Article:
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  1. 23.
    Midsummer’s Eve is 23 June. Hardy had a lifelong interest in folklore and ancient customs, deriving accounts from local recollections as well as his reading. These primitive forms of divination were once widespread in country districts and his work contains several examples, including Mrs Penny’s amusing experience in Under the Greenwood Tree (Pt I, ch. 8), on which Hardy was working at this time. See also the divination rites in The Woodlanders (ch.20); and, for a comprehensive account of midsummer customs, Ruth Firor, Folkways in Thomas Hardy (Philadelphia, 1931), especially pp. 42–3, 45–8, 51.Google Scholar
  2. 25.
    Beeny Cliff, on the north-eastern coast of Cornwall, rises 150–200 ft. above sea level and is almost one mile long, beginning a mile N.E. of Boscastle. Frequently visited by Hardy and Emma during their courtship, Beeny is recalled in Emma Hardy’s Some Recollections [1911] (London, 1961), pp.50–1, 57–8, which also includes Hardy’s own sketch of the scene, dated 22 Aug 1870 (p. 82). Beeny assumes a dramatic role as ‘the Cliff without a Name’ in A Pair of Blue Eyes (chs. 21–2), in composition at this time; this note contributes to its description in the novel. Beeny features in many poems, notably ‘Beeny Cliff and The Going’.Google Scholar
  3. 36.
    This note contains the genesis of the plot of ‘The Lady Icenway’, written and published 1890 as one of the stories in A Group of Noble Dames. Although the germ of several of these stories may be found in John Hutchins, History and Antiquities of the County of Dorset (Hardy’s library contained the 3rd edn., four vols, London, 1861–73), this note suggests that ‘The Lady Icenway’ was Hardy’s own invention.Google Scholar
  4. 44.
    G.H. Lewes, The Life of Goethe (London, 1873), p.310. Hardy’s commonplace book ‘Literary Notes, I’ (DCM) shows that he was at this time reading this biography of Johann Wolfgang von Goethe (1749–1832), and he records several quotations from it on pp.9–10. Friedrich von Schlegel (1772–1829) was an eminent literary historian and proponent of ancient Hindu poetry. This criticism of the mythopoeic inadequacy of modern art occurs in his Gespräche über Poesie [‘Dialogue on Poetry’] (1800), p.274Google Scholar
  5. 63.
    The parish of Haselbury Plucknett, 19 miles N. W. of Dorchester, is in Somerset. The chancel had been restored in 1878 in a period when ‘the tables of the law’ were swept away from churches all over the country, partly as a result of the Oxford Movement’s impact on liturgy and partly of architects responsible in the name of Gothic for much wanton destruction of old and beautiful furniture. A new vicar presented a new organ to the church about this time and in May 1882 parishioners presented a new pulpit in memory of his predecessor (Somerset Record Office, Taunton, ref. 2/7/1 D/p/ha. pl. c/1664). The discarding of these church furnishings must have appealed to Hardy’s sense of irony. He made similar observations in Feb 1879 (Life, 126), later including these with more serious appeals against ‘abuse of ecclesiastical fabrics’ in ‘Memories of Church Restoration’, a speech for the Society for the Preservation of Ancient Buildings (Cornhill Magazine (Aug 1906), 184–96).Google Scholar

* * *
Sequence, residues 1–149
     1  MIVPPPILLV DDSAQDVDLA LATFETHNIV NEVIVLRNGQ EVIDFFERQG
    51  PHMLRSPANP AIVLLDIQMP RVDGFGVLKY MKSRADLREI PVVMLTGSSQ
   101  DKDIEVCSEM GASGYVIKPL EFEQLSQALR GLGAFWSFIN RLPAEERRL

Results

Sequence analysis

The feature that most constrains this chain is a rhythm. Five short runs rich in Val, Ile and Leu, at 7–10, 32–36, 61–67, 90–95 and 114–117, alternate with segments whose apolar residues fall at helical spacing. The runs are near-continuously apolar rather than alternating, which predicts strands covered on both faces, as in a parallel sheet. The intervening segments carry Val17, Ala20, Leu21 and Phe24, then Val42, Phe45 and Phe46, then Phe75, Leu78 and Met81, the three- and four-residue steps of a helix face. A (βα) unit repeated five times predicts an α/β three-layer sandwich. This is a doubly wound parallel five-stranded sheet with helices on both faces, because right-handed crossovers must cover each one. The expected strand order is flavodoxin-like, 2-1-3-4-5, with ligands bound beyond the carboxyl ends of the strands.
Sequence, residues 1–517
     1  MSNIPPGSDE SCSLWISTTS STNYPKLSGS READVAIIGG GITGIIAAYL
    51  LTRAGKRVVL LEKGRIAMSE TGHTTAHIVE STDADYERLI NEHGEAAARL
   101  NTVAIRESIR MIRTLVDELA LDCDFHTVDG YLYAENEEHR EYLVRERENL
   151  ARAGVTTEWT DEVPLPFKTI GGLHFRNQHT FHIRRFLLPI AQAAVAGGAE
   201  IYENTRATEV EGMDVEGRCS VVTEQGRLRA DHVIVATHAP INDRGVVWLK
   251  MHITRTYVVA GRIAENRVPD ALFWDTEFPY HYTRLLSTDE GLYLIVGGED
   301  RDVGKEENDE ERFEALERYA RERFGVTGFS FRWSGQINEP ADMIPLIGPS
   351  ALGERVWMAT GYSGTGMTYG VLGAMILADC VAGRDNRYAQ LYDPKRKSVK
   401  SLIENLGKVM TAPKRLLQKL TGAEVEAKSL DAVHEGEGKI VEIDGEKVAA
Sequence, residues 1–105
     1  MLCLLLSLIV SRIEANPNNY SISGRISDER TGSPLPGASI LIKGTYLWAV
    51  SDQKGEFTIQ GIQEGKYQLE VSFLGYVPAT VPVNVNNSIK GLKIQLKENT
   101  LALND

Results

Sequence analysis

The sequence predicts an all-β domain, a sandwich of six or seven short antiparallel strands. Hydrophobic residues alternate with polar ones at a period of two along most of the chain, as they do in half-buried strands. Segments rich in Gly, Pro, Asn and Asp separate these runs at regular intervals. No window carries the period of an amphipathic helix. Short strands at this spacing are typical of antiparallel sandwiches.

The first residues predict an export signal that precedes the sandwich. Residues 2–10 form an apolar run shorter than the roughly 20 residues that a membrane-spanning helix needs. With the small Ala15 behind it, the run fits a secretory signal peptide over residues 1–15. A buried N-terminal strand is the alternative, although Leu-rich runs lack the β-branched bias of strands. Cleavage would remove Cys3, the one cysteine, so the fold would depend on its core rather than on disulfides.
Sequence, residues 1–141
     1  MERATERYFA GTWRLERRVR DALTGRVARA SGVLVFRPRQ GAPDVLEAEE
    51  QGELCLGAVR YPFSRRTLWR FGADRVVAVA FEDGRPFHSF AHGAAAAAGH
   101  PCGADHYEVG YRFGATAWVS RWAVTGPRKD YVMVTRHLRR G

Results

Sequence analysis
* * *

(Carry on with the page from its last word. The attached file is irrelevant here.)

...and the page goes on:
6. 82.
    A recapitulation of Hardy’s success in dealing with publisher William Tinsley, who offered £30 (which Hardy regarded as ‘a trifle’) for the copyright of Under the Greenwood Tree on 22 Apr 1872, forwarding the sum on 20 July, and promising the further sum of £10 for the continental Tauchnitz edn. on 4 Oct. Meanwhile in July, because of the encouraging reviews of this novel, Tinsley had intimated his interest in having another story to run for twelve months in his magazine and encouraged Hardy to sign an agreement immediately. But Hardy, growing wary, bought and read Copinger on Copyright overnight and the next day insisted on and achieved better terms. The sum of £200 was detailed in a letter sent by Hardy on 27 July. The episode is recalled good-humouredly in the Life, 88–90, and a calendar of Hardy-Tinsley letters is included in Richard L. Purdy, Thomas Hardy: A Bibliographical Study (London, 1954), pp. 329–35.Google Scholar
  7. 118.
    The Letters of Henry James, selected and edited by Percy Lubbock, Vols. I and II (London: Macmillan, 1920). The leading review article (TLS, No.951 (8 Apr 1920), 217–18) remarks the malignity of some of James’s pronouncements, including the one on Hardy. This selection of extracts taken by Hardy from the book itself reflects his indignation on behalf of his good friends A.C. Swinburne (see n.88), George Meredith and Rudyard Kipling.Google Scholar

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© The Trustees of the Thomas Hardy Memorial Collection 1979

Authors and Affiliations

  • Richard H. Taylor

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